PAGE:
Two alumni of Ravenshaw College, Dr. Chittaranjan Mishra, former Associate Professor of English and Dr.Ajaya Mishra who has retired as Associate Professor of Odia had a conversation about their post retirement life. Chittaranjan has been writing poetry since his adolescence and has emerged as a bilingual poet and critic while Ajaya has devoted his time in cultural studies and research. After superannuation Ajay has started to build old fashioned toys out of waste materials that he had played with in his childhood. Here is an excerpt from their conversation:
Chittaranjan: What makes you shift your attention from reading books to chiselling wood?
Ajaya: During lockdown I was reminded of my childhood days. Children of present generation do not have the knowledge of our past. That made me revive my childhood habit of toy making after retirement. I wanted to shape old things for the present generation to know and the old generation to reinvent.
Chittaranjan: Studying books and carving wood – how do you balance the two?
Ajaya: Not only I’m trying to make the traditional wooden works visible but composing poems describing each item. I have tried at fusing the hardness of wood with the soft appeal of poetry.
Chittaranjan: But why are you shaping bullock cart in the age of tractors, spinning wheel in the age of textile technology?
Ajaya: Bullock cart, spinning wheel – they are objects of our past and tradition. They are the foundation on which our present civilization was built. Even today there are villages where motor vehicles are not able to reach. Bullock carts are the only dependable conveyance there. Every year on the occasions of Independence Day, Republic Day we refer to spinning wheel in our speeches. We have forgotten the fact that this very spinning wheel was once a powerful weapon used in our struggle for Independence.
Chittaranjan: You have authored books on folk culture of Odisha. What then is the relevance of your present pursuit?
Ajaya: Many words associated with folk objects get obliterated from public consciousness. The meaning of those words can be accessible only when a visual replica is at hand. For example a whole set of words in Odia are connected with ‘bullock cart’ like – chaka,akha,mahanda,pahi,juali,agakhuri,bakuli. These words are names of different parts of the structure called bullock cart. To show a small model of a cart can be more effective a tool while teaching and bringing the pupils home to traditional ways and customs.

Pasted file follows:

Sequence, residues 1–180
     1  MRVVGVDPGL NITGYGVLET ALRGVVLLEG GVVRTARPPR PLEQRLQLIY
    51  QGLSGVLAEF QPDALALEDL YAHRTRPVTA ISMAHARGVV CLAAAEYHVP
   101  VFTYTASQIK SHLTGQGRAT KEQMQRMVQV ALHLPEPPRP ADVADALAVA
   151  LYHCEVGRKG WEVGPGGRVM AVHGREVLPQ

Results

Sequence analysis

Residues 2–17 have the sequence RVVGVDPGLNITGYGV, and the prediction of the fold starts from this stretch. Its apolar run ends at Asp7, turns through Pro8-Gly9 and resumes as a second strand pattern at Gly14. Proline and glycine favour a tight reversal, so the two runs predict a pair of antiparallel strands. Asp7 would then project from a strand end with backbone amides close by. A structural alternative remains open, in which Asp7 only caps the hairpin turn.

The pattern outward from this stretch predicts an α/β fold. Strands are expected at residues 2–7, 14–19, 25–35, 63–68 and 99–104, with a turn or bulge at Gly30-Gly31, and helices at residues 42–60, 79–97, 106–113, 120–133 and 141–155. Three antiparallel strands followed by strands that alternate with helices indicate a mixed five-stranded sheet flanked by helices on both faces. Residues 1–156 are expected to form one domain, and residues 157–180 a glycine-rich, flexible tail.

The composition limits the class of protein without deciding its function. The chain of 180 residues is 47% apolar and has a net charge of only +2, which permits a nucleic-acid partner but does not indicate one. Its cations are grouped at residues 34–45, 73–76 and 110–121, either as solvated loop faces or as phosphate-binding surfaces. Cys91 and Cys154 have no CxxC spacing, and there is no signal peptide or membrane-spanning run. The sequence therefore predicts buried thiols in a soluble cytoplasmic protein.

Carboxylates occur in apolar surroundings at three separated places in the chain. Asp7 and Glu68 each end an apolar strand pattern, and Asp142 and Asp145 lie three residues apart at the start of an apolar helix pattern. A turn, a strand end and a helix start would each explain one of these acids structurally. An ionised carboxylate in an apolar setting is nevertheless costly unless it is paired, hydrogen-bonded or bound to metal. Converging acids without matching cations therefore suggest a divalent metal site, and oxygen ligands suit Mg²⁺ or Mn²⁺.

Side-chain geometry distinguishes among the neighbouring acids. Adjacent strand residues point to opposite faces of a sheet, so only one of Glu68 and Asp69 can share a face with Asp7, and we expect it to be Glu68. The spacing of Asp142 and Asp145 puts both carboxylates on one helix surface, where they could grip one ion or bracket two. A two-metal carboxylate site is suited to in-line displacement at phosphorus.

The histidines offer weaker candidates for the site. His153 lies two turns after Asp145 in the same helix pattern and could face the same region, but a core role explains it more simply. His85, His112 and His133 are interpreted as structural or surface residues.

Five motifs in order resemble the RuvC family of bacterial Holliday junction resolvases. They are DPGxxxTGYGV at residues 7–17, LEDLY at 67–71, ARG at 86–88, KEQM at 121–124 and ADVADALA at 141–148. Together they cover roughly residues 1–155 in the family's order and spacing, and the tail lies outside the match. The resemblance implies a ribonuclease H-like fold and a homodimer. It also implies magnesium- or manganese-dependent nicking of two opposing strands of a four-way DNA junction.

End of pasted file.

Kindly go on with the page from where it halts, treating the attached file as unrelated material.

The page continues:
Chittaranjan: Please tell me more about the practical utility of the articles you are making these days.
Ajaya: Let’s take for example ‘dhinki’ – the old style husk lever that was common in households of Odisha. Even today there are villages without supply of electricity. Since there are no rice mills the people still continue to depend on ‘dhinki’. After the extremely severe cyclonic storm Fani electricity supply was disrupted in many places. To get temporary escape from heat and humidity people started using hand fans. Our children play with expensive toys inside the four walls but economically backward children are playing in the open with indigenous play things like patara chaki and sain sagadi. They are making these toys by their own hands. This helps them boost their creativity.
Chittaranjan: What steps you have taken to store and preserve your products? Is there any special arrangement?
Ajaya: I have installed shelves to store my works. That is my storage space. I fondly call it ‘Mishra Workshop’(Mishrashala).Usually I work on the roof. When litters pile up I transfer them to the compost bin to be used in my rooftop garden.
Chittaranjan: Can this work continue as an ongoing process? I mean have you someone in mind to whom you can pass on the baton?
Ajaya: I am in search of few youngsters who should possess certain skills and interact in such work.
Chittranjan: You have mingled wood with words. How could the idea strike you?
Ajaya: Wood is the fundamental ingredient of our living and household. I have joined wood with words of verse. I made a spinning wheel; composed a poem about that. I made a kite of leaves and described it briefly through rhymed lines.
Chittaranjan: Have you chalked out any plan for future?
Ajaya: I have planned to conduct various workshops and impart training to youngsters. I can make more of things if I get likeminded and motivated people. I’m thinking of bringing out a book containing illustrations of the miniatures I have made so far. I too plan for preparing videos along with the book. Dreams are many but time seems to be running out.